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Solar heating ideas to utilize the excess heat that builds up in shipping containers  RSS feed

 
Dale Hodgins
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Problems of overheating with dark colored shipping containers has given me some ideas concerning solar water heating.

 The roof and south-facing walls seem like the perfect spot to place flattish collectors. Not only would this supply hot water, it would tend to reduce the interior temperature.

I have used the big bucket of an excavator as a solar collector. My shower bag was laid in a slot, near where the bucket connects to the arm of the machine. Metal is great at conducting heat. The entire bucket got quite hot in the midday sun. Much of this heat was conducted to the area being cooled by my shower bag. This resulted in very fast heat up , since the bucket had a large collection area. The same would be true for collectors laying on the roof of a container. The hot metal from all around will conduct heat toward the coolest spot.

I have laid my shower bag on several other hot surfaces, including asphalt , metal roofing and the hood of a car. In all cases, heat was transferred from the base material toward my collector. Metal surfaces  work better than others, because metal is great at conducting heat.

The water must be emptied to storage or used before it gets a chance to cool down in the evening, when the container cools down. The same metal that was quite hot during the day, will work like a radiator and quickly release stored heat to the sky.

Imagine using a dark shipping container as the north wall of a pool enclosure. Flat plate collectors could sit against the roof and South wall. If only a quarter of the area were covered , those collectors would gather more heat than a similar array of collectors attached to a specially made base.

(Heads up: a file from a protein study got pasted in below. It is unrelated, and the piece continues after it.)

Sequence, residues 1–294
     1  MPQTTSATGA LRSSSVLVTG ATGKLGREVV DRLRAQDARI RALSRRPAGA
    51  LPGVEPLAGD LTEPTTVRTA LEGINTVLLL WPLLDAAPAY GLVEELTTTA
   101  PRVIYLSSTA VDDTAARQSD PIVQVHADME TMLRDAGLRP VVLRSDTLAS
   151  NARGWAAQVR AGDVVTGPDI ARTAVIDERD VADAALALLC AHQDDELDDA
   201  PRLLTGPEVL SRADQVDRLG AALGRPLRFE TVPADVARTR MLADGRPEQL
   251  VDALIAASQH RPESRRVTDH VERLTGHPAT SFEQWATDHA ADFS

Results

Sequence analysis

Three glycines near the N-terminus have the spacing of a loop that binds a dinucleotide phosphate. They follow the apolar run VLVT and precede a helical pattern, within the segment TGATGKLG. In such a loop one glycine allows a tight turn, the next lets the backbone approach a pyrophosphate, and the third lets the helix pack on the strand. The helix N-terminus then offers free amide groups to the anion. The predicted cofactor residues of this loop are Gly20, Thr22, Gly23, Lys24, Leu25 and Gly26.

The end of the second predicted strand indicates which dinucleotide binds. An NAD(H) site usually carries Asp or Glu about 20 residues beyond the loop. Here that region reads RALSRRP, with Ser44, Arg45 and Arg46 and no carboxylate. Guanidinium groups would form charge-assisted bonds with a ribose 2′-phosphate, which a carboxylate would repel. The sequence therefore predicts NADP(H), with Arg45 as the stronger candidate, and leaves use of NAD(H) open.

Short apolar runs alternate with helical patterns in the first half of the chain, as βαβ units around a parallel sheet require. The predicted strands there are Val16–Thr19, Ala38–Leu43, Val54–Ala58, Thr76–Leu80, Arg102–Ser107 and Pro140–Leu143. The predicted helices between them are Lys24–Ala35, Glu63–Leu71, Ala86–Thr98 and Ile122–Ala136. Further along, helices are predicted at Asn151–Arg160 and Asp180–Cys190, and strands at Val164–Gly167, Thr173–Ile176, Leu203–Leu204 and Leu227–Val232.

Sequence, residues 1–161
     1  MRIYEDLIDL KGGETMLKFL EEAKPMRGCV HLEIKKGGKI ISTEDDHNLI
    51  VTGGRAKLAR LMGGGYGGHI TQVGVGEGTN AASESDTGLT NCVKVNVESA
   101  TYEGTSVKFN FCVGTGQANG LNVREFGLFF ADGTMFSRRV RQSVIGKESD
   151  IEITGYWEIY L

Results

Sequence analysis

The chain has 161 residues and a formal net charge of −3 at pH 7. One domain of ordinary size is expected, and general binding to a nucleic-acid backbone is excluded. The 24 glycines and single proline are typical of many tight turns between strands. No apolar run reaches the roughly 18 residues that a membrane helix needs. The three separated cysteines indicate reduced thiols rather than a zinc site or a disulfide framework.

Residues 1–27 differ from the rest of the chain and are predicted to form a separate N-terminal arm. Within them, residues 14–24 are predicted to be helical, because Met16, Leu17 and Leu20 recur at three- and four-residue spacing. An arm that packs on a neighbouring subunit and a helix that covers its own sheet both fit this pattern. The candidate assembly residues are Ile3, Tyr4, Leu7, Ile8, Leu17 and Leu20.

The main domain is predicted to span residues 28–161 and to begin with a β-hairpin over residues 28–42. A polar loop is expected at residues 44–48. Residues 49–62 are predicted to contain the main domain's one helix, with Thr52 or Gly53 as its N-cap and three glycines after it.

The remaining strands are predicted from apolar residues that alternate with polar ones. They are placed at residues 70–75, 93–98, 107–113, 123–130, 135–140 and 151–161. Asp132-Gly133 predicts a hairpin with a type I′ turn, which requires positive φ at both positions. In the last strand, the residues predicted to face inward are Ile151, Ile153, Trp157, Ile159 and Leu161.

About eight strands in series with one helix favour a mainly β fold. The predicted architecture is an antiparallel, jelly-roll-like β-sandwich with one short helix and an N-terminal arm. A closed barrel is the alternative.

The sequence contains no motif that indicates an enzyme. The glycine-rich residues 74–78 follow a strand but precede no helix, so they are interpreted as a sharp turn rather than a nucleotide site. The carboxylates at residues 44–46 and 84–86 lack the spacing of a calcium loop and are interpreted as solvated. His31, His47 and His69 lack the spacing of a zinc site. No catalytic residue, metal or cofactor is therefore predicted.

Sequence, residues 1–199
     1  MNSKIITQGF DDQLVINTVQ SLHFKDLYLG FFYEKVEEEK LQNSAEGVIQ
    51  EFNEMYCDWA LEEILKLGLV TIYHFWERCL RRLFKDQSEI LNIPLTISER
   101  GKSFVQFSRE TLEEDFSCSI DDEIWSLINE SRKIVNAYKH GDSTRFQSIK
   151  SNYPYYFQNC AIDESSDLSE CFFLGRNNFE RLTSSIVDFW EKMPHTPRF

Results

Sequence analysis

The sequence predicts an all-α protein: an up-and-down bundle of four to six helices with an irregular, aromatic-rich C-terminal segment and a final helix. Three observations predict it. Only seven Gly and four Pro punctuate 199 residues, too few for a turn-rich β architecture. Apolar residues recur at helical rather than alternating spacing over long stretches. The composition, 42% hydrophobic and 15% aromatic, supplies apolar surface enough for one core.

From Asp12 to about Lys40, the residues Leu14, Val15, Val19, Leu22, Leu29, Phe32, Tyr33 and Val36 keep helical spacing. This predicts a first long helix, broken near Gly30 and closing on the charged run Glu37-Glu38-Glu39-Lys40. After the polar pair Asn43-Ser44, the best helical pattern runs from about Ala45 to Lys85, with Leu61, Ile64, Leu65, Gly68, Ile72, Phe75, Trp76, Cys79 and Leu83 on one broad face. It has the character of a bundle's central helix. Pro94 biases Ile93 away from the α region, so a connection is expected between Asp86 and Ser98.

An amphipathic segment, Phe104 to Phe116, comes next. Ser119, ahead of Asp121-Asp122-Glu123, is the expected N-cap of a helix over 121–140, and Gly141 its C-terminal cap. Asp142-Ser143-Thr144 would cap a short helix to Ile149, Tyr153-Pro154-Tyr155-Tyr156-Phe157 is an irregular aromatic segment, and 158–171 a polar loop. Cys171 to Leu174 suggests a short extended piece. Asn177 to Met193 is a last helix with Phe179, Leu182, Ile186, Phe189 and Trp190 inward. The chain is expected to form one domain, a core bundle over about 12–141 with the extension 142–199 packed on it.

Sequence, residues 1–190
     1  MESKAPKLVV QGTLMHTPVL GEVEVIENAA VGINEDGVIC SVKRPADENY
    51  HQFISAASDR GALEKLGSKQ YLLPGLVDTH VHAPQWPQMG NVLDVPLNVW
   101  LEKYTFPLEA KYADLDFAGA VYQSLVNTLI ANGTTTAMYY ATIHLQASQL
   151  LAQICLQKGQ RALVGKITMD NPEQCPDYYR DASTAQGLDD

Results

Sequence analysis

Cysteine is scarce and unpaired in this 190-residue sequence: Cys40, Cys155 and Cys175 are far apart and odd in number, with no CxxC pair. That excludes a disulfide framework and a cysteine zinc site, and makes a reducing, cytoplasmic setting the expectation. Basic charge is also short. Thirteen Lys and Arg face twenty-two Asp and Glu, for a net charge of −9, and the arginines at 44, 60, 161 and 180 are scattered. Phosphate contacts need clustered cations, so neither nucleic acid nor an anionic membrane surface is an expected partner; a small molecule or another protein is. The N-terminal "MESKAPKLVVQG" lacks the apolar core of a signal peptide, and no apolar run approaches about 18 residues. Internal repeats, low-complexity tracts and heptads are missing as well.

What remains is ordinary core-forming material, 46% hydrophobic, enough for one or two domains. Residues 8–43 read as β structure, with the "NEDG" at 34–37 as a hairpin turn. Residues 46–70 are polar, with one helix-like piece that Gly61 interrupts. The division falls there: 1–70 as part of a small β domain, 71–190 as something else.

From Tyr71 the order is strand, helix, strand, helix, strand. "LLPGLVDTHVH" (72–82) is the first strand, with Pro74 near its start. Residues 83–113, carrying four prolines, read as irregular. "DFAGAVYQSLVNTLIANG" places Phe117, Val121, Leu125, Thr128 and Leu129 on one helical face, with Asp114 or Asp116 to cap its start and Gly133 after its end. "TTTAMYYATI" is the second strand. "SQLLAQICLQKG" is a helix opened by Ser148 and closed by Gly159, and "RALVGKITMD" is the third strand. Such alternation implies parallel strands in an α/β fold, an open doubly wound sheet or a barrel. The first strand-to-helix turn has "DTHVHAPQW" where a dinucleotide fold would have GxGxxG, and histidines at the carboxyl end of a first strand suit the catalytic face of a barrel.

Containers are very strong, but that strength is not evenly distributed. They are meant to take huge amount of weight at certain points along the walls. The roof is meant to withstand a heavy snow load. If very heavy containers of water are to be placed on the roof, they must be placed in the right locations.
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When looking for used containers , I found that lighter colors were harder to come by. Upon questioning the sales people, it turns out that most people are looking for something that won't get too hot. This means that there is more competition for good quality , light colored containers.

A dark container could be used for solar water  heating for about eight months of the year in my climate. During the winter, the darker container would still warm up sometimes on sunny days. This would be the perfect time to ventilate, in order to reduce condensation.
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A container could also be used as a means of producing plenty of hot air. This could be useful for space heating of adjacent buildings.

For those looking to kiln dry lumber, it could be as simple as loading it all into a container and controlling the ventilation, so as not to dry the wood too fast.

 A dark container would be the perfect place to keep firewood. Fast drying is not a problem, in fact it leads to greater cracking which in turn leads to even faster drying. Even in the dead of winter, we get some days when the sun would dry out the wood a little.

Probably the simplest way to control condensation, would be to store some firewood along with other items to be stored in a container. Firewood will lose moisture during hot days and it will rapidly absorb moisture from the air, if it gets anywhere near the dew point. The average humidity can be kept quite low, by ventilating, on hot days when the firewood is giving off moisture to the air.

If we desire more heat than the container supplies, it can become a more efficient collector if the wall facing away from the sun, is insulated.

Does anyone else have thoughts on how to utilize heat that is gathered by shipping containers?
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Dillon Nichols
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Interesting; I've long intended to use cans for similar purposes, but I'm thinking white to reflect rather than black to absorb.